Fans who would like to contribute to Daddy's fund can visit this site.

Also, National Geographic Channel has set up a photo gallery of Daddy pictures and video posted here.

Daniel Maltzman's painting of Daddy. (Photo Credit: © MPH-Emery/Sumner Joint Venture)
National Canine Cancer Foundation

Saturday, February 20, 2010

Scout says, "Get busy!" Today is NATIONAL LOVE YOUR PET DAY!

We almost for got to make this furry imPAWtant announcement!

Today momma took us for a long ride in the car with the windows open so we could sniff some good sniffs. We also went to the mall(s) and got to BARKBARKBARK at eFURyone that walked by our car! For dinner we got to eat HAM diced into our foodables and had one of our special Valentine's cookies for dessert, YUM!. Tonight we will lay on the bed with momma - heads on pillows - and we will all watch Animal Planet! (We must say, though, today was kinda like most days 'cause we is l♥ved 24/7 and then some)

How about you guys? Whatcha gonna do on LVE YOUR PET DAY!
National Canine Cancer Foundation

Wednesday, February 17, 2010

Cabela's sponsors wolf-killing competition in Utah

Mimi's note: I am NOT against all hunting. My father was a hunter. We ate what he brought home and he
never took the life of any animal that was endangered, protected or wasn't going to be eaten as food. He never baited an animal. He hunted - like a man - a man with a sense of honor and fairness to his prey.

Now, call your dog over to you, look into its eyes. What you see reflected back at you is millions of years of evolution - beginning with the ancestors of the wolf. There is NO sport in killing wolves - NONE! Wolves are predators that provide a valuable service to mankind. In order for them to do their job we must leave them alone and allow them to do their job. They are NOT game animals.

If you click on the Cabela's links I have provided it will give you the address of their corporate office if you wish to let them know how you feel about their business sponsoring the killing of wolves - one of which you have in your home and at your feet. Flame me if you wish. I stand my ground.

Cabela's has sponsored wolf-killing derbies -- brutal competitions where contestants are awarded cash and prizes based on how many wolves and other animals they can kill. Proceeds from these derbies are being used to support anti-wolf litigation to block the restoration of life-saving federal protections for these magnificent animals.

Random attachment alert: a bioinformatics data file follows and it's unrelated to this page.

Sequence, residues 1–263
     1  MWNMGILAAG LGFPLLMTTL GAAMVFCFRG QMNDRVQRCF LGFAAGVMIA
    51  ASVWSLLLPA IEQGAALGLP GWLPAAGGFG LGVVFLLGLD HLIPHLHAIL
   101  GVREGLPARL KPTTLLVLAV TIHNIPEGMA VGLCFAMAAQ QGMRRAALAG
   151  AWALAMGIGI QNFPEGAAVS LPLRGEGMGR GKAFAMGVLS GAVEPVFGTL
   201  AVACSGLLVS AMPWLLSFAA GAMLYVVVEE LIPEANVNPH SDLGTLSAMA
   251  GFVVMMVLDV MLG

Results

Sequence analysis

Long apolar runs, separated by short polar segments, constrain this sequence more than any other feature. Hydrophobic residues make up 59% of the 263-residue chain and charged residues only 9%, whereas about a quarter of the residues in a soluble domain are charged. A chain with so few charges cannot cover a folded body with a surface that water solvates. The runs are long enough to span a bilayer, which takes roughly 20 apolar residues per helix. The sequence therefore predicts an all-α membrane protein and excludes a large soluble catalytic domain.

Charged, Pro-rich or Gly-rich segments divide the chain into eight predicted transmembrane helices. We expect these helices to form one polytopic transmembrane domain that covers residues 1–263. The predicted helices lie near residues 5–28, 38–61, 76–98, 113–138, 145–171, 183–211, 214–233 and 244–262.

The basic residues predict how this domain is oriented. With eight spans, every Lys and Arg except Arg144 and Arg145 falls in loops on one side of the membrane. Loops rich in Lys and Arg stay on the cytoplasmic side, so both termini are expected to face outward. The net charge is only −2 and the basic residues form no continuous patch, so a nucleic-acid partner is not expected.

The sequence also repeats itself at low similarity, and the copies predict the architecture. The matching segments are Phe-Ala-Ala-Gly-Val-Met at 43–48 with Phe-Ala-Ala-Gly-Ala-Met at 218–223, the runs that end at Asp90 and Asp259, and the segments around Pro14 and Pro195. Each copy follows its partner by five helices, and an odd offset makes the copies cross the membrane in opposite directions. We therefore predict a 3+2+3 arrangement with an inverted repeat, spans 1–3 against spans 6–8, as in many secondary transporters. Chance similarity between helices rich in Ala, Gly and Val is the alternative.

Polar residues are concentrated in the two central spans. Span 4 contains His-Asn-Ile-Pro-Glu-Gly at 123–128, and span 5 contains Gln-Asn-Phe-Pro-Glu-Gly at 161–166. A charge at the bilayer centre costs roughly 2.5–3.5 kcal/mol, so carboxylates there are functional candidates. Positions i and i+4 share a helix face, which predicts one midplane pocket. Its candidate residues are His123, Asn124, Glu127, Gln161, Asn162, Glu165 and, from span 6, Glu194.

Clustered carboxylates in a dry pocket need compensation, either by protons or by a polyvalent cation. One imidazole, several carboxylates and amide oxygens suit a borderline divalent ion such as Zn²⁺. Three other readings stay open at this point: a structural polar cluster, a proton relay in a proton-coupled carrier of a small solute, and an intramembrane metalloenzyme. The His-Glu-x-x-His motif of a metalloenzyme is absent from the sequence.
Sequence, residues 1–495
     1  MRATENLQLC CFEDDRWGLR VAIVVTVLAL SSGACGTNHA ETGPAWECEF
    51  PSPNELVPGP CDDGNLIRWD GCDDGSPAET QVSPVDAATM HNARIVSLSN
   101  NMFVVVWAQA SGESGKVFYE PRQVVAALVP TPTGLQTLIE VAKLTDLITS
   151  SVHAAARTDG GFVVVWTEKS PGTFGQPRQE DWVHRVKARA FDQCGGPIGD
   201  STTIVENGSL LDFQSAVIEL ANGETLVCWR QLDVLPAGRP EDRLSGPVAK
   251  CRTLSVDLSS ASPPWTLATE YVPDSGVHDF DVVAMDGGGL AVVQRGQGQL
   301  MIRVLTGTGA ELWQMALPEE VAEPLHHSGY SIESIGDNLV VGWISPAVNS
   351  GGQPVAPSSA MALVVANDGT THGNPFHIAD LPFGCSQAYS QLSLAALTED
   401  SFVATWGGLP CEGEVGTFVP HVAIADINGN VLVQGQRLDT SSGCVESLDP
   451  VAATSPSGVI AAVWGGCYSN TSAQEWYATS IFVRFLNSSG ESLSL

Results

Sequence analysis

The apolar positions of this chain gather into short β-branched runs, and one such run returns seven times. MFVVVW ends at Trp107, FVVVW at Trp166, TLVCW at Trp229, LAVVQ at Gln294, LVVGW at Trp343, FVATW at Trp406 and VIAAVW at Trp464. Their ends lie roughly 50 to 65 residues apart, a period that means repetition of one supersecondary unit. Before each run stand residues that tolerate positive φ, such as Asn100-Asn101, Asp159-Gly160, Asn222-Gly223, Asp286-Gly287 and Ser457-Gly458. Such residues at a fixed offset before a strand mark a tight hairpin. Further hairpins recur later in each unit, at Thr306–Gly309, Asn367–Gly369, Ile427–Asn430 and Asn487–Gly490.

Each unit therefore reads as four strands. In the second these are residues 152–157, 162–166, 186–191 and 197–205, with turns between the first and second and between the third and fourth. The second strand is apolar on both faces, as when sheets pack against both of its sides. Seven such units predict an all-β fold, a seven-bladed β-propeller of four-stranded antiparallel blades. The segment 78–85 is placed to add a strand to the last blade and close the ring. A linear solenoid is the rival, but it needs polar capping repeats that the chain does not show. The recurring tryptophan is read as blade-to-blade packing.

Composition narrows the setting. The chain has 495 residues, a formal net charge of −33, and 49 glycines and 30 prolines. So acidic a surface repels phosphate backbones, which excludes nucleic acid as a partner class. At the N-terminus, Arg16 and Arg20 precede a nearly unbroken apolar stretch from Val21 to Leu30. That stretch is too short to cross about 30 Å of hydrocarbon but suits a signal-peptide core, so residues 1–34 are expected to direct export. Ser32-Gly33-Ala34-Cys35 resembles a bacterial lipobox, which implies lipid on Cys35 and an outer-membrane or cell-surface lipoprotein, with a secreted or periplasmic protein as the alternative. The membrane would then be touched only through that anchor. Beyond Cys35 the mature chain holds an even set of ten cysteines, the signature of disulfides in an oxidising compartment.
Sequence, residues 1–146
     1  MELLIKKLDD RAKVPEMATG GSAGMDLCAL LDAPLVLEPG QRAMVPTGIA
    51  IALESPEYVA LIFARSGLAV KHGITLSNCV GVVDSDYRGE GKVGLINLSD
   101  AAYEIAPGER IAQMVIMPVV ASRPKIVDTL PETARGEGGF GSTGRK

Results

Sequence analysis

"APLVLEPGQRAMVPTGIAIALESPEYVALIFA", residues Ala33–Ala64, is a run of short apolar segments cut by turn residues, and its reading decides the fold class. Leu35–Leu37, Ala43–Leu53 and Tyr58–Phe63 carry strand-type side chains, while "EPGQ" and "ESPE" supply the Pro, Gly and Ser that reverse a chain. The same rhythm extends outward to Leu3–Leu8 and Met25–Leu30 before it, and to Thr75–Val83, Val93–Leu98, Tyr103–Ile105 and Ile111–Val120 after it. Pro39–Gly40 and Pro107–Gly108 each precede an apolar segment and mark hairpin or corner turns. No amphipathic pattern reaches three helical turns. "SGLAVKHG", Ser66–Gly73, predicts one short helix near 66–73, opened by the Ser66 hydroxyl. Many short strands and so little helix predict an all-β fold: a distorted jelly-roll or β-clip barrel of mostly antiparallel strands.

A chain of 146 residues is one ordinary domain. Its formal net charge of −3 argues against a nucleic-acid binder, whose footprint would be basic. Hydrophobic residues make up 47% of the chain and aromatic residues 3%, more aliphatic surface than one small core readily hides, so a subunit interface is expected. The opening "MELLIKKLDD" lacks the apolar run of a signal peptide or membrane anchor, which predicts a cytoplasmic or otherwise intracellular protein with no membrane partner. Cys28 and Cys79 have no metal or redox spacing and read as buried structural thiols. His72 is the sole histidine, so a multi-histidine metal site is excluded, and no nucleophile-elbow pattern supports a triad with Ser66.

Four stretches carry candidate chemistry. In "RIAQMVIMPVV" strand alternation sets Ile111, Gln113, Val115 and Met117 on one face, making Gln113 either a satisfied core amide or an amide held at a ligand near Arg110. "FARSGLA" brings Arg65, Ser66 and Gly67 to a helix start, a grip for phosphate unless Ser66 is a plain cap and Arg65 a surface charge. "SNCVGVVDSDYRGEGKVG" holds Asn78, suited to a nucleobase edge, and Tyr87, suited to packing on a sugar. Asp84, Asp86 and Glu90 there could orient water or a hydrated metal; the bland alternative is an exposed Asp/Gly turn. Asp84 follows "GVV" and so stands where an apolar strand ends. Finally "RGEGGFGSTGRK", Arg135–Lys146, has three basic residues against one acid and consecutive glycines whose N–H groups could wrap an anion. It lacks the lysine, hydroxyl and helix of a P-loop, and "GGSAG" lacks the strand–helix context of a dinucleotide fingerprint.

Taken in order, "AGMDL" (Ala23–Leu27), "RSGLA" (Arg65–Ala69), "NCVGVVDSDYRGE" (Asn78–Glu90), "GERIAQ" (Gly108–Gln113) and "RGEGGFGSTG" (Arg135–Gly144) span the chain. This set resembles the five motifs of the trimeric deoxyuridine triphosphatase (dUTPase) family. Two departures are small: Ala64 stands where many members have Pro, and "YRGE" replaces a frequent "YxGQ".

Defenders of Wildlife's hard-hitting full-page ad spotlights the support of Cabela’s for wolf-killing predator derbies in Idaho that have been held by the misleadingly named Sportsmen for Fish and Wildlife -- the same group that is also lobbying for the awful anti-wolf bill that they are fighting in Utah.
National Canine Cancer Foundation

Tuesday, February 16, 2010

You don't need to tell us that when the going gets tough you grab your best friend and hang on tight...

Mimi's note: You and I, we always knew this. We always knew that having companion animals to share our lives - and l♥ve - and cuddle and touch is not only good for the heart, it is good for us emotionally and physically and mentally. Finally - FINALLY - our animals are getting the credit that they have deserved for hundreds, if not thousands of years. SHARING YOUR LIFE WITH AN ANIMAL IS GOOD FOR YOU! The recognition is growing and the belief is growing probably because now there is verifiable scientific evidence that heart rates slow and blood pressure drops and seizures are predicted and cancer is detected and the list goes on and on and on. But you and I, we didn't need some scientist to tell us or some quantified evidence to prove to us what we have known all along - when you don't feel good, you grab your pet. When you feel that life had dealt you a raw deal, you grab your pet. When you are lonely, you grab your pet. When you need comfort and companionship and unconditional love - YOU GRAB YOUR PET AND HANG ON TIGHT!

Sgt. Doraliza Velez-Collazo says her Chihuahua, which she got through Pets for Vets, forces her to get out of her home.

(CNN By Sarah Aarthun) -- Sgt. Doraliza Velez-Collazo used to sleep with the lights on, haunted by nightmares since suffering a traumatic brain injury in Iraq. Severe depression kept her inside her small rented room in Southern California most days.

But just before the holidays, a 10-pound ball of fur came into her life and quickly began to turn it around.

Lupita, a 3-year-old Chihuahua that had been abandoned at a Los Angeles County shelter, was placed with Velez-Collazo with the help of Pets for Vets, a nonprofit organization.